16. Mike Taylor Says:

    “Copyright is there whether you want it or not. But you can publicly announce that you don’t intend to exploit it – that is what CC0 and the like does.”

    That is certainly not what CC0 says it does. See also the “About CC0″ page, which says: “In contrast to CC’s licenses that allow copyright holders to choose from a range of permissions while retaining their copyright, CC0 empowers yet another choice altogether – the choice to opt out of copyright and database protection”.

  17. coppenheim Says:

    Every country has a law that states in effect that copyright is automatic, it lasts for so long, gives you these rights, and there are these exceptions. It’s based on wording of Bern Convention. One can choose not to exercise one’s rights, to announce that fact publicly and then be legally tied by that announcement, but one cannot unilaterally destroy copyright. CC’s wording is that the person is “opting out” of copyright. Not the same as “destroying” copyright.

  18. Mike Taylor Says:

    Charles, I herely declare this comment to be CC0, dedicated to the public domain.

    Are you saying that despite my having done so, I still hold copyright over this comment, and have merely made a public commitment not to use it?

    If you reproduced this comment without my permission, could I still sue you for copyright violation?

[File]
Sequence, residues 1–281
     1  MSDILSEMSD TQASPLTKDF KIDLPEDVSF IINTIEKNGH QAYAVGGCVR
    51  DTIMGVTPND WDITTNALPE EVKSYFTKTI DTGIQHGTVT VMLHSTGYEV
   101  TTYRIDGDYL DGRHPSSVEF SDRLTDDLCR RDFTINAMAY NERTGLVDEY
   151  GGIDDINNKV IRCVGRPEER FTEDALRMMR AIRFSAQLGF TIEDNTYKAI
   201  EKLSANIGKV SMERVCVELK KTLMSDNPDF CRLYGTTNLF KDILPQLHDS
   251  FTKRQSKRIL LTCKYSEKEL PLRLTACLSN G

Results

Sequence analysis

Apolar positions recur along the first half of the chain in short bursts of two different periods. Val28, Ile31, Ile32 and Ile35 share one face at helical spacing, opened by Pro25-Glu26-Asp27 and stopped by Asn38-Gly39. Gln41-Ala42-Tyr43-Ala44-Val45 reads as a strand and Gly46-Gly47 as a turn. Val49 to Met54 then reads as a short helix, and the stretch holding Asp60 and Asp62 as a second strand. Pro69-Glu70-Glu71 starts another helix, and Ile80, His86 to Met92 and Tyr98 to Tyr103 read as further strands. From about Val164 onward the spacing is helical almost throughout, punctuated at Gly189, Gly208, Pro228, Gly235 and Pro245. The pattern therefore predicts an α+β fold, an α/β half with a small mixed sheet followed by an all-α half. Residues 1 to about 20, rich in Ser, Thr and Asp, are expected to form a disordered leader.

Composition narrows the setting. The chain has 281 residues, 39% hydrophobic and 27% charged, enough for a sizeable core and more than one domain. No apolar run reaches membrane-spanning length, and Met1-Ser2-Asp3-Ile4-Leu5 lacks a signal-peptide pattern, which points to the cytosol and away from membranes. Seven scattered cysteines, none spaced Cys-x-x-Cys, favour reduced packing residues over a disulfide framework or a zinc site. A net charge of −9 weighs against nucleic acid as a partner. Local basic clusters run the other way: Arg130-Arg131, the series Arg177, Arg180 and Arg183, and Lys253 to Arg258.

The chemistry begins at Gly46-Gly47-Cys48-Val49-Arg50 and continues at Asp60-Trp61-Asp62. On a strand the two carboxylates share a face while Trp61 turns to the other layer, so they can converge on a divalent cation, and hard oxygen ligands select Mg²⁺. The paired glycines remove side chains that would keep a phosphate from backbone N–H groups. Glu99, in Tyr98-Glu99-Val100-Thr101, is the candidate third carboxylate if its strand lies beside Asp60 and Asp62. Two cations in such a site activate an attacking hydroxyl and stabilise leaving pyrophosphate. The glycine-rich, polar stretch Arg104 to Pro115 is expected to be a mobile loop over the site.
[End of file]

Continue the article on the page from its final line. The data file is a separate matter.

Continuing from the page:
Alternatively, if you loved this comment so much that you wanted to be its owner, could I still transfer copyright to you?

  19. coppenheim Says:

    Yes, you still hold copyright on it, but because of your public commitment not to exercise your rights, you can’t stop me doing what I like with it, including making money by selling reproductions of it. So you can’t sue me if I copy it. However, your Moral Rights are unaffected, so you could sue me if I misquoted you.

    Yes, you could assign copyright in it to me, but I would be tied to your earlier commitment so I also could not sue if some third party reproduced your deathless prose.

  20. Mike Taylor Says:

    OK, that all seems fine. So in fact I could CC0-dedicate my accepted manuscript, then sign copyright over to Elsevier, and they would be unable to prevent people from doing what they wished with the paper?

  21. coppenheim Says: